"So many people grow up to enjoy adulthood because it is better than their childhood, or they forget all together how great childhood was. I chase my childhood every day." --Brooke Shaden

As a little child, the "Big girls" were always my hero. I remember that distinct, fluttery feeling in my stomach when I plopped myself down on the high-school bleachers. The giddy cheerleaders, their hair pulled up in high ponytails and big smiles plastered on, were thrilling to my 7 year old soul. It was like watching a Disney World parade (just minus the lights and princesses and fireworks and with screechy bleachers and high-schoolers and crappy nachos instead). I remember watching Mary-Kate & Ashley in Holiday in the Sun, and just staring in complete awe. Their adventures as teens in the Bahamas, having their own suite, tanning and flirting with early 2000s savvy boys, and saving a yacht from crime all seemed pretty sweet to me. I remember a scene from running into a family friend in the library: "Anna Gray, you're growing up so fast! How old are you?" "Only eight." I remember fighting the presence of my childhood to grow up. I would often daydream about becoming a teenager; a "Big girl", if you please. Sometimes I would fix my eyes on the gold trimmed closet mirror and wonder, "What will I be like when I'm a teenager?" Would I be tall and have lots of freckles? Would I have dark hair and tan skin? Would I be a cheerleader? A singer? Would I be hyper? Sugary sweet? I was curious, and I wanted to grow up...and fast.

I remember waking up as a 13 year old, a teenager, a "Big girl." After years of anticipation, the time had come. Makeup and concert tickets and my first pair of "heels" and other "big girl" things made their way into my life. It was all good, yes, but I still didn't feel quite like the teenager I had always imagined. This could be partially due to the fact that I only wore the same 4 dresses, got cute haircuts and never styled them, and was too small for even a training bra. I remember calling my best friend and the two of us daydreaming about getting jobs and our licenses and going shopping without an adult and having cell phones and wondering what life would be like once we turned 16. So close, yet so far. It's funny how time slips by. I remember waking up as a 16 year old. The camera lens I worked so hard to save for happened to arrive that day. We went to the lake that evening to celebrate, and I remember the cookie cake and exact design and color of the candles that I blew out. I can almost smell the candle smoke - It has that distinct, sharp aroma - the smell of celebration and new beginnings and...well...happiness. I remember walking around the beach the following week and feeling this strange twinge of sadness. I suddenly didn't like this "growing up" and being a "big girl" thing. If only time could be paused. I remember it being dusk and the feeling of loneliness settling in. It wasn't that I was physically alone, but I felt as if my mentality was splitting in two, leaving half of me in reality, and the other half nostalgically reflecting on the past. I didn't think anyone would be able to quite understand these thoughts, and it made me feel lonely. Memories from past birthdays and the innocence of childhood started creeping in. Why in the world did I rush my childhood? If only I could have told my 8 year old self that the years would slip by so quickly. If only I could step back into my childhood for a few, sweet minutes. Weren't those the days that we didn't have a care in the world; the days that boys and girls had cooties and make believe and taking bubble baths with your friend was completely normal and summer days were spent in the hot sun, feet in dirt, and playing with the freedom of imagination until sunset? What happened? Where did it go? It was too much. "I don't want to grow up anymore."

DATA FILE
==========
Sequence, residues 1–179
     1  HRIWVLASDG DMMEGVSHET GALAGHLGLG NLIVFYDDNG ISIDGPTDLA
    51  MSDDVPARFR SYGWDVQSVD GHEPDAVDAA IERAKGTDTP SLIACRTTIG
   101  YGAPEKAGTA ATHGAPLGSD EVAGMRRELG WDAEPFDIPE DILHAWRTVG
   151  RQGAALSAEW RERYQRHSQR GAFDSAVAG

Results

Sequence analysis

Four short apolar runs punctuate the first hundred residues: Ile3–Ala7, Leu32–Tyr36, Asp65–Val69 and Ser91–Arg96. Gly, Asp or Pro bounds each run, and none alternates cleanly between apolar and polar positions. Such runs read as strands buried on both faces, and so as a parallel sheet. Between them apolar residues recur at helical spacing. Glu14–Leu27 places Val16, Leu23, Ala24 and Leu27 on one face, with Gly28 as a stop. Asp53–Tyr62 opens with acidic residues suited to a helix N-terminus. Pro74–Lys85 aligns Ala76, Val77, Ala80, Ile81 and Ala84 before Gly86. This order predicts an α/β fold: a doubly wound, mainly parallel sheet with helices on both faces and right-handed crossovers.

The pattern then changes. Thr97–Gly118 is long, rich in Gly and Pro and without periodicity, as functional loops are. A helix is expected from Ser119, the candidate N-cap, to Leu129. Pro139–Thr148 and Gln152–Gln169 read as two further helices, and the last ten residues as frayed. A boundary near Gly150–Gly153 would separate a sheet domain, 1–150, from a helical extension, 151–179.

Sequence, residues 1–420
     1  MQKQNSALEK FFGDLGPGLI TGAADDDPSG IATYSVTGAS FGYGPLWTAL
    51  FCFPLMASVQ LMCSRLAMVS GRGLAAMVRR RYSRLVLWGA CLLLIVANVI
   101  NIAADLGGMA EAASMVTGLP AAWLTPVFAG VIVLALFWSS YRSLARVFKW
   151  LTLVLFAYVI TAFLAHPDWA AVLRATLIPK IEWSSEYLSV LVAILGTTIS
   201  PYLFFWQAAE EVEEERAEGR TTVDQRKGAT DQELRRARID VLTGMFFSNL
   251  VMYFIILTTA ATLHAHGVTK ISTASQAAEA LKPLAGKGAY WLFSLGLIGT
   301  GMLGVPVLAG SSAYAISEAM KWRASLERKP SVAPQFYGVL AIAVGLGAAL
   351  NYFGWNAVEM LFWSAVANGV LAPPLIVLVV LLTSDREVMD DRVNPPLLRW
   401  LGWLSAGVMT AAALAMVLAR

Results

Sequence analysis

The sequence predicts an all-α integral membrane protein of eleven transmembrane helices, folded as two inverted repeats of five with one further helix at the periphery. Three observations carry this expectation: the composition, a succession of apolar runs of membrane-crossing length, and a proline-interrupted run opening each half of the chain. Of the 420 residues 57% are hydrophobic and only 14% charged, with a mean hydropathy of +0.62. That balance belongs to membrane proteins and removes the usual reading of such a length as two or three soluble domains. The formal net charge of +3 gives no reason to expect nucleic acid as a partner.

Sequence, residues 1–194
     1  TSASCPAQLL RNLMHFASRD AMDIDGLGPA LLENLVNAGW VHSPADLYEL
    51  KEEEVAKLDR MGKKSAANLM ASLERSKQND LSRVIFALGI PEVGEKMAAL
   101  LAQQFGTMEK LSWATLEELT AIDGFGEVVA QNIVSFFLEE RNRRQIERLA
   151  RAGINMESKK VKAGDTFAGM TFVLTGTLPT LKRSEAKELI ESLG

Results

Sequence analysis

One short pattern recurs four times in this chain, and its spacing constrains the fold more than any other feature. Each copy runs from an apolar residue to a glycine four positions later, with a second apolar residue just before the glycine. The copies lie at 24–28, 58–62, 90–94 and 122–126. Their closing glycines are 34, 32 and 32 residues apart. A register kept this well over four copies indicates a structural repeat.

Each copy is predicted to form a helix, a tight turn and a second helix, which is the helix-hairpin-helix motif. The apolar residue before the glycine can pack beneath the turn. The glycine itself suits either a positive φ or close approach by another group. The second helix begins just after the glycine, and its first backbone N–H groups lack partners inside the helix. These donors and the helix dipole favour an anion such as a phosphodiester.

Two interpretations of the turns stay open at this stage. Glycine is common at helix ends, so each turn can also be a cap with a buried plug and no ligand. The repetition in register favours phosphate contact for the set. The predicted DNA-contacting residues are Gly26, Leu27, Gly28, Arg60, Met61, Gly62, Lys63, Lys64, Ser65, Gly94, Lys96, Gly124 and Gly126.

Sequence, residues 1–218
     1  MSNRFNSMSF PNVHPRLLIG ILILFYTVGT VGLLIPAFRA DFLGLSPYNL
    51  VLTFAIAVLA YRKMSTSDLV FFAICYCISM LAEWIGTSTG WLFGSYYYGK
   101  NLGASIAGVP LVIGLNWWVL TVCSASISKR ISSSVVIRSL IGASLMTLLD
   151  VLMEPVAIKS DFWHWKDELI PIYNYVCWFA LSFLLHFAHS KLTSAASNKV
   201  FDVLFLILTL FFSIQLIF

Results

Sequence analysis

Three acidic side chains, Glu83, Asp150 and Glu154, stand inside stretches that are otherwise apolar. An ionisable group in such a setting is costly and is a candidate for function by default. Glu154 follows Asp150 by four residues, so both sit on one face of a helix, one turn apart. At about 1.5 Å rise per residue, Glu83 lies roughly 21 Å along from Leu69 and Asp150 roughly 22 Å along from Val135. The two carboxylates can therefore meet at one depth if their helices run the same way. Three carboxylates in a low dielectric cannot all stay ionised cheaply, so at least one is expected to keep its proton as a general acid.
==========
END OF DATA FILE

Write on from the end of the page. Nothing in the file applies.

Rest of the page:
I remember waking up as an 18 year old. Something felt different though. Minus the fact that my hair looked like a bad 80s cut that morning, I was basically in a happy medium. Legally being an "adult" didn't completely excite me, but it didn't completely scare me either. Although I boasted days and weeks prior, "I WILL LEGALLY BE A WOMAN", I simply felt content. "Yay for my first cigar and exotic pet and elopement in Switzerland without my parents' consent!" I realized that, sure, I was growing up; but, BUT - I still had the free spirit of my childhood along with it. I wrote on my Facebook newsfeed on my 18th,

"Though I'm technically considered an 'adult' (And could legally adopt a kid. Weird.), I don't feel any older - I still feel like the same AG that chases childhood. For example, this afternoon I swam in the ocean with a dolphin printed boogie board and for dinner, ate nothing but a basket full of hush puppies and a sweet tea. I think this 'growing up' thing will be okay after all."

I think that so often, we either fight to grow up, or we have this intense fear of growing up and long for childhood instead. It's like there is this assumption that growing up and adulthood means that we can no longer have fun, slow down, or even enjoy life. Now I am not saying that we shouldn't strive for maturity - there is a point in time when we need to ditch the Spaghetti Os and living under Mommy's roof for a taste of the real world - but we shouldn't diminish that spark of childlike eagerness that runs in our blood. We need to learn that it is okay to have that zeal of a child. Let's allow our bodies to grow and mature, but let's also allow that eagerness to grow with us.

Here's to chasing childhood.

1 comment:

  1. Oh Anna, I just love the way you write. And I love this post. So true. Your last paragraph was my favorite.

    Here's to chasing childhood!



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